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Black man fined, loses job after police profiling

The Red Coalition anti-racism group is filing ethics complaints against Laval police officers and the city's police chief, saying a case of racial profiling saw a single father receive two infractions and lose his job.

In September, Carl Luberisse was returning to work from a break and confronted in the parking lot by police officers who followed him earlier. After exiting his car, officers stopped and told the forklift operator his vehicle was registered to a 30-year-old person, he said Saturday. He replied “ok” and continued towards the building, attempting to enter when one officer forced the door shut, barring his access, grabbed his arm and demanded identification. Luberisse claims they refused to explain why and called for backup, as other employees witnessed the confrontation which was also recorded on security cameras. Two more officers arrived within minutes.
Eventually given fines of $494 for “obstructing a police officer” and $173 for “failing to signal a change of lane,” a few days after the incident Luberisse was dismissed by his employer – Aliments Bveggie Inc. – for “a lack of work.” A week later he discovered a forklift driver position advertised on the company website (posted two days after the incident.)
“This is a concrete example of the perverse use of section 636 (of the Highway Safety Code) for racial profiling,” said Alain Babineau, Red Coalition director of racial profiling and public safety, calling it “collateral damage” caused by the SPL’s fight against urban violence linked to firearms. “It’s the stereotyping of black men as all members of street gangs which continues through police powers to make random vehicle stops without reasons.” Laval Police have not commented on the case.
Red Coalition executive director Joel DeBellefeuille told The Suburban that charges will be filed against Director Pierre Brochet because "he is the person in charge and there has to be accountability,” adding that racial profiling goes far beyond mere fines or inconvenience; there's humiliation, loss of employment, affecting the family and community, and psychological well-being of the victim. “They just don't get it.”
“If the first thing a cop tells you is the car is registered to someone else, they already have it in their mind you are committing a crime. And why?” It's a black man driving to work, he says, and after all the efforts he makes to be told why he's being stopped, “they give him a ticket for obstruction and for not signaling a turn?” DeBellefeuille says police are “abusing section 636” as a lever.
When police stop someone under Section 636, he says “it must be for a moving violation or suspected impaired driving.” That’s not what they reportedly said to him, only what they ticketed him for. “That's the kicker.” Essentially says DeBellefeuille, police saw Luberisse, checked the plate, circled around, followed him, approached him, commanded him to stop, barred his entry to work, called in reinforcements and ultimately ticketed him for a simple moving violation, humiliating him at his workplace and possibly prompting his loss of employment.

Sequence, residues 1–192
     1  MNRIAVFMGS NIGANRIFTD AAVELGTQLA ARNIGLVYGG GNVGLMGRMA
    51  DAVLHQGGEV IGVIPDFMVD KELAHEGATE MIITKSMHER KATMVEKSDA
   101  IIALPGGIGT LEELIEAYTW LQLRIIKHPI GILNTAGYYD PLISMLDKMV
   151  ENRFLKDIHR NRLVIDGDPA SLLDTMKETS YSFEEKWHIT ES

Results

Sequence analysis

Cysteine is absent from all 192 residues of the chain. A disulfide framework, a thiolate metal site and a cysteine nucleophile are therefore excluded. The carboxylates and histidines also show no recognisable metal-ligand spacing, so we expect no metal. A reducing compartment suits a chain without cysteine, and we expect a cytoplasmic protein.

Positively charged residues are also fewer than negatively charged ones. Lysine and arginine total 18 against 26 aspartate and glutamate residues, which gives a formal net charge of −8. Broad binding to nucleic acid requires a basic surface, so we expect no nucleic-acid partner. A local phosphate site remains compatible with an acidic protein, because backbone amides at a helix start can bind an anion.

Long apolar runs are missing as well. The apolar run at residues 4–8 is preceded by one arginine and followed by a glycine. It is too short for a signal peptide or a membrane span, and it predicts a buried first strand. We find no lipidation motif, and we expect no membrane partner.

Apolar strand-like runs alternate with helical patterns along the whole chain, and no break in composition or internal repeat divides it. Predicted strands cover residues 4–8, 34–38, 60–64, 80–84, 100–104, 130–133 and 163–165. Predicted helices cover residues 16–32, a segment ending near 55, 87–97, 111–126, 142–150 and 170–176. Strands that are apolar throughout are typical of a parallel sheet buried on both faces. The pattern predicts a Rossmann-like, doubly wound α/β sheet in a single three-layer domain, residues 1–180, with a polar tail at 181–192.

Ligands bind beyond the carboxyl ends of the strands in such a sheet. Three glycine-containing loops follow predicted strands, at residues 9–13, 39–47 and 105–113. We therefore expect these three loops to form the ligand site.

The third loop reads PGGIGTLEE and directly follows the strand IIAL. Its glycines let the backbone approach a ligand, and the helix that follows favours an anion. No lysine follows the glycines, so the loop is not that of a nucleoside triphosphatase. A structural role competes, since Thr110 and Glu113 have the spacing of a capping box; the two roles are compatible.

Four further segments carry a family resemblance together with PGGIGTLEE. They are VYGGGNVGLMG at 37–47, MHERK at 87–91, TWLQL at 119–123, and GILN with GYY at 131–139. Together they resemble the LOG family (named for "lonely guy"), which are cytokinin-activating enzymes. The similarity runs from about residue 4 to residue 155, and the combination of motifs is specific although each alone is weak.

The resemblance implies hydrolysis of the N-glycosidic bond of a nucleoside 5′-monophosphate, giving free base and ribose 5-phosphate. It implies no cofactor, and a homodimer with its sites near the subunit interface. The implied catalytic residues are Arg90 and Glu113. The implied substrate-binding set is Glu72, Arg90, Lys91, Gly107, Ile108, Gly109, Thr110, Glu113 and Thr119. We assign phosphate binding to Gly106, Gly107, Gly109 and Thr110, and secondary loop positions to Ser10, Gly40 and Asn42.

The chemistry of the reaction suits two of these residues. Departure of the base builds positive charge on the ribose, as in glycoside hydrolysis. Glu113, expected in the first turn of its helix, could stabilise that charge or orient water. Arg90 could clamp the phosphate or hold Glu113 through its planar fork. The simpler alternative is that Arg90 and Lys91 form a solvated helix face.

“From what we're seeing, police don't know how to apply 636 properly, or they do and don't care, because they assume the driver isn’t going to complain and they usually win in court.” He says police can use random stops if they see a man driving a car registered to a woman and so on. “Sometimes they do, but often they see a black man in a nice car and stereotypes kick in.”
DeBellefeuille himself successfully pursued Longueil Police and the city of Longueil for a series of “driving while black” incidents. “Too many people don't complain because they don't know their rights. They never see the police report or what police wrote to justify their actions.”
There have been several high-profile cases in Laval, including a man violently dragged from a car by his hair after refusing to exit until told why he was asked to do so, which was filmed and went viral. Former Laval Mayor Marc Demers, a 30-year Laval police veteran, acknowledged the problem in 2020, as reported in The Suburban: “When asked if racial profiling exists within the Laval Police force, Demers, looking visibly uncomfortable, said ‘In my personal opinion yes, it exists at different levels’.”
Most recently, and shockingly, a man with complaints against Laval police reportedly found a document placed on his vehicle purporting to explain how officers amuse themselves during shifts. It’s authenticity has not been confirmed, but viewed by The Suburban and describes a ‘points pool’ where agents earn points for each action or arrest with token monies divided at week’s end, naming specific officers as arbiters of the contest ends in a draw.
It smacks of a culture of impunity says DeBellefeuille. “That's why the police director must answer for this, he's responsible for people beneath him.” The Coalition says it is also addressing a whole slew of similar racial profiling cases in Terrebonne.



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